• That annual fixed revenue amount from most levies is generated from the total of the valuations in that taxing jurisdiction, i.e., the sum of valuation of all properties (let’s call this the tax base) in the political and taxing jurisdiction in question (say, a school district).
  • Thus, the rate for each individual levy is — in a simplified sense — the fixed annual sum generated from the tax divided by the tax base that changes from year to year, usually upward, but occasionally downward.
  • What this means is that as the value of all properties in a taxing jurisdiction rise, the rate drops by the same ratio (except the inside millage and a few other exceptions).
  • Therefore, if the average valuation increase in Hamilton County is 15%, then the tax rate on average should be dropping about 10-12%. Thus, the real increase in your actual taxes paid should only be around 3-5%.
  • Now, two more cautions:
    • If your tax valuation went up more than the average for the political and taxing jurisdiction in question, your tax hike will be more than that 3-5%. So, if you were unfortunate enough to get one of those 25% hikes, your taxes will indeed go up another 10% or more.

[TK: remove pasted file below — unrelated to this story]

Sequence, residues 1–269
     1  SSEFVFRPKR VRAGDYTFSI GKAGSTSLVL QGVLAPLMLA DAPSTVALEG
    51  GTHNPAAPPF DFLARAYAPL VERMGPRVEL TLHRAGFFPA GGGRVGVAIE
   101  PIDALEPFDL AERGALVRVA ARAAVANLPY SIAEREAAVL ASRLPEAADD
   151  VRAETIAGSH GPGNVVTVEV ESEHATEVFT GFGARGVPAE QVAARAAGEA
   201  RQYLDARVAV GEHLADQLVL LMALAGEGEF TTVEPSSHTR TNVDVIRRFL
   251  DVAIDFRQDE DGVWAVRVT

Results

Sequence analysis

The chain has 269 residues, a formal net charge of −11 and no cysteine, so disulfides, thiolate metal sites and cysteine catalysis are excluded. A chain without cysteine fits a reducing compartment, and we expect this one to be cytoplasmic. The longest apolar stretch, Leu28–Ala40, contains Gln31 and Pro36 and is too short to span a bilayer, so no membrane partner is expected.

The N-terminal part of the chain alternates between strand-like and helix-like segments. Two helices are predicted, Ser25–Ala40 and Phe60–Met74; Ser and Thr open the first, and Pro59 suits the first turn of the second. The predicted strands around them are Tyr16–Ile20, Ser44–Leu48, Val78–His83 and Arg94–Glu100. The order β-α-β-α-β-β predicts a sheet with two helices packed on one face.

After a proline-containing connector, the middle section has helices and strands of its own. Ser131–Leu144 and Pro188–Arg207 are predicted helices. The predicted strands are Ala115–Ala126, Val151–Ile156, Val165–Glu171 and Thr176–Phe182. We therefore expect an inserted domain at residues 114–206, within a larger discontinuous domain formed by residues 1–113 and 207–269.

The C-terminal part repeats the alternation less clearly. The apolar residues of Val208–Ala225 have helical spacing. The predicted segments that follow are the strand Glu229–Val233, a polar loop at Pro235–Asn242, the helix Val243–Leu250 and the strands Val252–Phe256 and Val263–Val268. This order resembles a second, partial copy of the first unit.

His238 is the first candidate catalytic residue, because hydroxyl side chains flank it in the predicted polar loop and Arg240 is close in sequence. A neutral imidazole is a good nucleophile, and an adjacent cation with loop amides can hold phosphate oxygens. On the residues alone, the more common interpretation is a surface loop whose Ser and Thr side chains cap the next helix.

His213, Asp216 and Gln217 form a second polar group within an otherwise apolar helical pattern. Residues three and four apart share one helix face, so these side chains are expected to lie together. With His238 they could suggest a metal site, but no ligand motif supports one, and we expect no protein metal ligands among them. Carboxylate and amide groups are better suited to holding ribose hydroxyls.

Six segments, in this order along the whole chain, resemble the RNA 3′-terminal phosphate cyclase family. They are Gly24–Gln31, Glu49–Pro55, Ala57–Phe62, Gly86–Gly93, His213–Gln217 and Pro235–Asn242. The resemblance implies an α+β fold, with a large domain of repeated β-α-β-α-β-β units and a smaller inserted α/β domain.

• The other factor that impacts the taxes that you pay is the tax rate, so if your school district or City had a property tax hike (because of COVID, there were a remarkably low number of levies on the ballot this fall), your taxes may rise as a result of the as well.
  • As you can see from this blog entry, the calculation of your tax bill involves dozens if not hundreds of individual calculations. The bills are tremendously complicated. But these overarching principles do apply, and therefore most taxpayers will not see tax increases anywhere near the whopping valuation hikes they are seeing on these recent Auditor notices.

We hope that gives property owners some comfort that these preliminary notices do not reflect the actual hike in your taxes coming in January.

We have been looking for details of the calculations of and eligibility for the second round of PPP in the most recent COVID stimulus bill. We found this excellent in article in Entrepreneur.Com here.

Some details from the article follow (note, since the PPP “loans” are forgivable, the word “loan” essentially means “grant” for most eligible businesses):

Qualifications:

  • A loss of revenue of 25% or greater, for any one quarter — comparing 2019 to 2020. If your firm had swings in revenue or had a pronounced one-quarter loss due to COVID or other causes, you may be eligible even if your annual revenue did not dip by 25%.
  • 300 employees or fewer.
  • Must have already used or plan to use their original PPP funding.

Loan terms:

  • Maximum loan limit of $2 million.
  • Loans of 2.5 months of payroll, which is the same as the original PPP. We are checking the legislation to see if the loan amount will change based upon increased payrolls from the original calculation (for example, if additional employees were added).